The Language that Shapes Us

It is so easy to let language shape you, much harder to shape language around yourself.

The great communicators never concede to the boundaries of language.  Yes, language can set you free but it can also hold you in because language has rules…a few of which I aim to break; for the human mind should wander and rules are meant to be broken.

Language can shape the way we think.  It can box us in or leave us wanting.  Giving stigmas to words that it shouldn’t or masking stigmas that are deserved.

The world is not made of words but of things.  Just as math is simply a description of nature, so are words simply a description of our reality but somehow they do cary a very real weight.

What happens when these words cause our minds to perceive reality differently?

For example, some languages assign genders to certain objects or ideas.  These classifications can make “music” (la musica) feel feminine while “business” (los negocios) incites masculinity.  Most people think nothing of these lingual nuances but they do seem to reinforce some stereotypes and their classifications clearly reinforce traditional gender roles.  Could it be a coincidence that these languages that assign gender to words (Spanish, Itialian, French, Hebrew, Aramaic, Hindi, Russian…ect) also have very traditional cultures?

This notion was further supported by a study  in the 1980’s which showed that children whose native languages had more intense gender classifications understood their own gender a full year ahead of those whose native tongues were without gender bias.  There have also been additional studies by Lera Boroditsky showing that gendered nouns can cause something called “Linguistic Relativity” that changes how people describe objects based on their assigned gender in their native language.

The rules of language even effect how our minds think.  

There are no thoughts without language.  How a language is structured can affect your thought pattern.  Does your language put emphasis on the action or the subject?  Is the voice passive or active?  These structural systems of languages do affect how our brains process situations and ideas, which is why politicians chose their words so very carefully.  Furthermore, multi-linguists often find that depending on what they think about, their internal dialogue changes language.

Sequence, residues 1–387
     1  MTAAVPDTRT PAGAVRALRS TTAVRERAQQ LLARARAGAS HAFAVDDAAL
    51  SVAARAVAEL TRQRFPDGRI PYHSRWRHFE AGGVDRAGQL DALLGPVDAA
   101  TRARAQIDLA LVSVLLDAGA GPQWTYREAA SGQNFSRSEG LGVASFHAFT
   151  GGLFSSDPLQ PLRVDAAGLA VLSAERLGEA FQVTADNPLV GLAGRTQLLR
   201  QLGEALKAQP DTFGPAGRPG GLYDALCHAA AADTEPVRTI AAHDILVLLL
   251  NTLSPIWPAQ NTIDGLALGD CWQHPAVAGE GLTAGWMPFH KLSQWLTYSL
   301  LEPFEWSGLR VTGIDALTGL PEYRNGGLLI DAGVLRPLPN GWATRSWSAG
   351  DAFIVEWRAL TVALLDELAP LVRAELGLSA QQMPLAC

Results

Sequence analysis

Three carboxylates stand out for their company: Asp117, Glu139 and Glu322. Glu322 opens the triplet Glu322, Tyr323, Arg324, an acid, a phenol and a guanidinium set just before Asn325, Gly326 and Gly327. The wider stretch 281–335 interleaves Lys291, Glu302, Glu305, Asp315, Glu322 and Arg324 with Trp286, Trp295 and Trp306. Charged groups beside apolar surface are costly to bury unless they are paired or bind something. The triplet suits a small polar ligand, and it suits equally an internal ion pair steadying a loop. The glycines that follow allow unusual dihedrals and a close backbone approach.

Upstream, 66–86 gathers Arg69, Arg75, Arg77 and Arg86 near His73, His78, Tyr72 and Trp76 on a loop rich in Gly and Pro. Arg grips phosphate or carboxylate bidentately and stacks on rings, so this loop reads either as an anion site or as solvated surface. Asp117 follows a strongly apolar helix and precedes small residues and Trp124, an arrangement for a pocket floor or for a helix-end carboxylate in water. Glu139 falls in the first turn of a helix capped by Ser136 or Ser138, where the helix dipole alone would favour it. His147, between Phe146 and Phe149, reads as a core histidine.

But even more troubling are the instances when language is lacking.  Eskimos famously have over 50 words for snow, and many other languages have multiple words for things that english has only one.  What insights or ideas are we lacking from not having words for these nuances?

What happens when words fail us?

Well if you were Shakespeare you would just make up some new words like swagger, obscene  and over 1,700 more that today we would think to be commonplace.  More modern writers did the same like Dr. Suess who coined “nerd” or Mark Twain who made popular words like “blip”, “slim jim” and “bug”.  Even modern musical artists do the same.  It seems that that rap music comes up with a catchy new word every couple months to describe some intricacy of our culture.  These are thinkers who live to use language but still found their most enlightened moments of creativity from breaking free from language entirely.


Let us remember that language is a tool, not a cage, and that as we evolve as should our language.



By | 2016-11-15T10:01:11-08:00 August 28th, 2015|Biology, Featured, Philosophy, Science|0 Comments

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